• Like 3

Share this post


Link to post
Share on other sites

Our family has a new favorite: Sub a large can of thinly-sliced pears for pineapple rings, sub almond flavoring for vanilla, and add a pinch of nutmeg for the loss of marashino cherries - and this is a damn fine upside-down cake. 

  Single serving size, now matter how big or small your family!  😏

  • Like 4
  • Haha 2

Share this post


Link to post
Share on other sites
Posted (edited)

Sometimes, when the world's been upside down just a little too long, when the tires for your cat didn't come in and you're without a car til Monday, never mind there's nowhere to go...

 

You have to revert to trailer park comfort food.

 

Disclaimer: I never lived in a trailer park, likely because my grandmother was so deathly afraid of storms she insisted on a stick-built house instead of "one of them tin cans," but I had a gracious plenty of kinfolk and friends who did and spent a lot of time in them.

 

I give you...

20200509_170019.thumb.jpg.2ae03099ad1d164b27b17cfe5ab4cdc7.jpg

 

Hawaiian meatballs!

 

This is about as poor white folks as it gets. And I dearly love them. Basic meatballs (I add a quarter teaspoon or so of ginger). Pineapple chunks.  Sauce is pineapple juice, water, vinegar, brown sugar, soy sauce. Cornstarch to thicken. 


Edited by kayb (log)
  • Like 6
  • Delicious 1
  • Haha 1

Don't ask. Eat it.

www.kayatthekeyboard.wordpress.com

Share this post


Link to post
Share on other sites
10 minutes ago, robirdstx said:


 

Excuse me?

 

Same reaction It was buffet or cocktail party food in the 70's at some pretty nice houses.

Share this post


Link to post
Share on other sites
Posted (edited)

It was what passed for "fancy food" amongst the lower middle class community in which I grew up. And it's the food of that period that I'm gravitating back to these days. Not of a great deal of culinary interest, granted, but it's familiar and ... comforting, in a time when I want/need comforting.

 

 

 


Edited by kayb (log)
  • Like 4

Don't ask. Eat it.

www.kayatthekeyboard.wordpress.com

Share this post


Link to post
Share on other sites
11 hours ago, kayb said:

It was what passed for "fancy food" amongst the lower middle class community in which I grew up. And it's the food of that period that I'm gravitating back to these days. Not of a great deal of culinary interest, granted, but it's familiar and ... comforting, in a time when I want/need comforting.

 

 

 

 

That's fancy pants food, woman.

As someone who DID live in a trailer park in Hooks, TX  may I remind you about beanie weenies?  Weenies in a combination of grape jelly and chili sauce? 

  • Like 1
  • Delicious 1

Nothing is better than frying in lard.

Nothing.  Do not quote me on this.

 

Linda Ellerbee

Take Big Bites

Share this post


Link to post
Share on other sites
36 minutes ago, suzilightning said:

That's fancy pants food, woman.

As someone who DID live in a trailer park in Hooks, TX  may I remind you about beanie weenies?  Weenies in a combination of grape jelly and chili sauce? 

 

If ya wanta go fancier you use meatballs and supply fancy pants frilly toothpicks. Made in crock pot set on buffet table. 

  • Like 1
  • Haha 1

Share this post


Link to post
Share on other sites
21 minutes ago, heidih said:

 

If ya wanta go fancier you use meatballs and supply fancy pants frilly toothpicks. Made in crock pot set on buffet table. 

Oh, yeah.  First time I had that was when the staff at Texarkana Public Library threw me a goodbye party when we moved north.  And those meatballs were frozen.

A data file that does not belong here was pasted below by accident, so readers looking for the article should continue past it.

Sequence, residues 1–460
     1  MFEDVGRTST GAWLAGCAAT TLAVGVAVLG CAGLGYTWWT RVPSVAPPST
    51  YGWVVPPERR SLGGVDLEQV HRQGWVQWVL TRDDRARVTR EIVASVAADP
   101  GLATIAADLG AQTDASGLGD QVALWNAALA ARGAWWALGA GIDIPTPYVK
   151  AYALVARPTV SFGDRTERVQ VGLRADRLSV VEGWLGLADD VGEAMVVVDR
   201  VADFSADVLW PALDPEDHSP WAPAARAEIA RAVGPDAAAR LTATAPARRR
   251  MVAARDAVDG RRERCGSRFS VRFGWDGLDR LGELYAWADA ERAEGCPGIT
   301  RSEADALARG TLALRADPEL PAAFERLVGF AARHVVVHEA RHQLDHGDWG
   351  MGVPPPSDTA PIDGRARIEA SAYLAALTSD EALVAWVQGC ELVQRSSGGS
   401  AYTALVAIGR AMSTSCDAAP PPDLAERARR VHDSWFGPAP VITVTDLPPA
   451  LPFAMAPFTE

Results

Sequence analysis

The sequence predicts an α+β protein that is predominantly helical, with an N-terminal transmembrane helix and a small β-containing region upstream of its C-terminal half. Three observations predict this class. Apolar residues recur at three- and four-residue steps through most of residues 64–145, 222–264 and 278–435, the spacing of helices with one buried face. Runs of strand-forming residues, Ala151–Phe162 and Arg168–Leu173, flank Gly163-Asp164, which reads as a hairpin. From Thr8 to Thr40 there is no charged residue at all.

I have an old friend who would not make the weenies that way but with ketchup and Jim Beam.

  • Like 1

Nothing is better than frying in lard.

Nothing.  Do not quote me on this.

 

Linda Ellerbee

Take Big Bites

Share this post


Link to post
Share on other sites

The closest I ever got to grape jelly in my childhood was Manischewitz wine. Then eventually it cropped up in diners on road trips. The only time I ever heard of grape jelly being associated with hot dogs was ten minutes ago, on this thread. It must be real, since no one could make that up.

  • Haha 6

Share this post


Link to post
Share on other sites

Oh, Lord, yes. Grape jelly and barbecue sauce. Hot dogs cut into small chunks. If you were REALLY fancy, you used the little cocktail sausages, or, as noted above, frozen meatballs. Those, and RoTel dip, were the mainstays of many a party.

 

Confession. I had half a pack of cocktail sausages left after making pigs in blankets the other morning for breakfast. I bought grape jelly with the intention of doing exactly this with the remainder of the package. But I made more pigs in blankets instead.

 

Grape jelly, however, is my preferred jelly for PB&J.

  • Like 4

Don't ask. Eat it.

www.kayatthekeyboard.wordpress.com

Share this post


Link to post
Share on other sites
Posted (edited)

I have a vague childhood memory of my parents hosting parties where grape jelly and meatballs made an appearance but I cannot remember anything else other than the meatballs were sweet, and I got to eat them with toothpicks.  Oh and my  mother making parfaits - with what I'm pretty sure was canned cherry pie filling and probably vanilla pudding from a mix.  My paternal grandmother was a phenomenal cook and she taught my mother while we lived in a two family  house. 

 

Now I kind of want the grape jelly meatballs....alas I have no grape jelly, no meatballs and no recipe ....

 

ETA that my grandmother did not teach my mother how to make grape jelly meatballs.  That my mother got out of a magazine I'm sure! LOL 


Edited by JeanneCake (log)
  • Like 3

Share this post


Link to post
Share on other sites

Cinnamon graham crackers. I haven't had them in a really long time, but they are so comforting...simple, reminds me of after school snacking. Just sweet enough.

  • Like 2

"Only dull people are brilliant at breakfast" - Oscar Wilde

Share this post


Link to post
Share on other sites

  • Recently Browsing   0 members

    No registered users viewing this page.

×
×
  • Create New...